Alas, we never did pose for him. And since we divorced years later, I now think it was a good idea that we weren’t memorialized in a Moses Soyer painting.

Though he never painted us, I did manage to photograph the three of us, all with our clothes on. The photos have an “American Gothic” quality, vacant eyes staring off into space. In one of those photos, my ex-wife and I are standing beside a seated Moses Soyer, who is putting the finishing touches on a portrait of a woman. While the three of us have blank, vacant stares on our faces, the woman in his portrait is staring at the camera with a barely perceptible smile on her face.

We would see the Soyers once or twice a year. I had the pleasant opportunity of introducing them to my then-employer, Isaac Bashevis Singer, the Nobel Prize-winner, and his wife, Alma. We all had a vegetarian dinner together in my apartment. Singer had become a vegetarian not for health reasons of his own, but, as he said, “for the health of the animals who I don’t eat.”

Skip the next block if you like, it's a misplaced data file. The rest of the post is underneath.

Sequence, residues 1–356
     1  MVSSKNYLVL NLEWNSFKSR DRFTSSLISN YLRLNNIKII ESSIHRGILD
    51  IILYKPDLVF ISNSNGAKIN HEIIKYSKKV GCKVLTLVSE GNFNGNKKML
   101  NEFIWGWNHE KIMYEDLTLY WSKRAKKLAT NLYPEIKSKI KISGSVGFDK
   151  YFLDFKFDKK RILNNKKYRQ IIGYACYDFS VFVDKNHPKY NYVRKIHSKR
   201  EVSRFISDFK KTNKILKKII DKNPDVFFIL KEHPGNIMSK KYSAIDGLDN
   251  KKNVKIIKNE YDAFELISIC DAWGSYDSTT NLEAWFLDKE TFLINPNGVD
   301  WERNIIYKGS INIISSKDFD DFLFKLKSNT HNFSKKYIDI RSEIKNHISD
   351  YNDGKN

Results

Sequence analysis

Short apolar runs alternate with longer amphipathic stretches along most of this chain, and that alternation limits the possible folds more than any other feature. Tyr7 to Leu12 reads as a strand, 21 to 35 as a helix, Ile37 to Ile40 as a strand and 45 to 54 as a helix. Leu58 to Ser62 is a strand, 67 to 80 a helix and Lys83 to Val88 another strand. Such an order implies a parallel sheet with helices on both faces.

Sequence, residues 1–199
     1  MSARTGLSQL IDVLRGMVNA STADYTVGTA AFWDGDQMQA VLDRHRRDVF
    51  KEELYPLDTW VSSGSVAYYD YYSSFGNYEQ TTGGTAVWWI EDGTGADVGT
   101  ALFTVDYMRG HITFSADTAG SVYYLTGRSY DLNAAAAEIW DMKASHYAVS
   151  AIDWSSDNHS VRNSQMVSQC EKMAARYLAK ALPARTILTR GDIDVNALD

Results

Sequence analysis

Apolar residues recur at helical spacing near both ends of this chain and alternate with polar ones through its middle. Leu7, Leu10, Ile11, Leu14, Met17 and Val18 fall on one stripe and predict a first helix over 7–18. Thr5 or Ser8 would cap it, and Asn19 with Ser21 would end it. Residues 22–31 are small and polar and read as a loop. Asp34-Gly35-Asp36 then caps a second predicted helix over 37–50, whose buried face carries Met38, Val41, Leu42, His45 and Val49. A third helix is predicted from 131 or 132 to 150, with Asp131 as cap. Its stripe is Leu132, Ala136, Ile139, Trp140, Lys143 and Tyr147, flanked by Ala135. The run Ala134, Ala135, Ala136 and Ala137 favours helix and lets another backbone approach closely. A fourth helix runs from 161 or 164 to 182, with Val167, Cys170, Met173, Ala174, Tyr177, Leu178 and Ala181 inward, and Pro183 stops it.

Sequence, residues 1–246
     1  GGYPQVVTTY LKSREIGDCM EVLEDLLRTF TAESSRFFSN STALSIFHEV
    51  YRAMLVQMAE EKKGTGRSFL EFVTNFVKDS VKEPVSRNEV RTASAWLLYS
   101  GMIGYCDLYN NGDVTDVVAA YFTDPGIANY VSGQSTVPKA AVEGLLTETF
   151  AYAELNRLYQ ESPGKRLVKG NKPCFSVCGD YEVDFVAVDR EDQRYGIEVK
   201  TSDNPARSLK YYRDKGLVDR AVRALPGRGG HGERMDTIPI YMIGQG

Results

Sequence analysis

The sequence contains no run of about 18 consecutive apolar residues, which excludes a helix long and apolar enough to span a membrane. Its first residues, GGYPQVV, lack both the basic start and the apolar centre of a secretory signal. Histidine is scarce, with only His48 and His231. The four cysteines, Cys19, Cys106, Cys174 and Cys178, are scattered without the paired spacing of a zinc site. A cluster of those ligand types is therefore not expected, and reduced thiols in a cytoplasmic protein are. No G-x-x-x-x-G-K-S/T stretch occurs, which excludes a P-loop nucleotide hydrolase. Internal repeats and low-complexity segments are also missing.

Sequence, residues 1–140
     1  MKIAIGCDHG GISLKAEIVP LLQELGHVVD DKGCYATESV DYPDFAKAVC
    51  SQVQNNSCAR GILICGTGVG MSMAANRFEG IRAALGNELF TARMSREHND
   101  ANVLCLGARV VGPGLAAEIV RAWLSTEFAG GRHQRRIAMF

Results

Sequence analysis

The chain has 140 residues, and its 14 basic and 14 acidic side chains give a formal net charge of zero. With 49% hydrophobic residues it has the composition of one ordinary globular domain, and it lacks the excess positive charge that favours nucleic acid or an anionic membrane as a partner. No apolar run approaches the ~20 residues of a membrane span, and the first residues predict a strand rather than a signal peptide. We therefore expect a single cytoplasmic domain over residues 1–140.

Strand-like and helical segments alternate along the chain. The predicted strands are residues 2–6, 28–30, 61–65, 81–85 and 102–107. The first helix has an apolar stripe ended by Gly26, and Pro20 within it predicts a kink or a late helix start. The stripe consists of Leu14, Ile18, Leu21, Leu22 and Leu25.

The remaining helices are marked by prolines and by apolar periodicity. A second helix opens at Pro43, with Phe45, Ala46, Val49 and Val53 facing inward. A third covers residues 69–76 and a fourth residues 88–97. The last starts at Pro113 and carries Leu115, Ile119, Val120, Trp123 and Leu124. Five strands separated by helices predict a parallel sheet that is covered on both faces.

My friendship with Moses Soyer continued until his death in 1974. He was a generous man, and when my son was born, he gave me another of his works of art: an artist’s proof of a lithograph of 12 contemplative and pensive faces. The gifts did not stop there: He gave me three autographed books of his works, including an instructional text, “Painting the Human Figure.”

I occasionally look at those photos I took of Marcel Duchamp and Moses Soyer and consider myself a lucky man for having known two such talented artists who brightened my life with their unique talents.

(Jeffrey Sussman is the author of ten books, president of a marketing/ PR firm in NYC; his website is www.powerpublicity.com)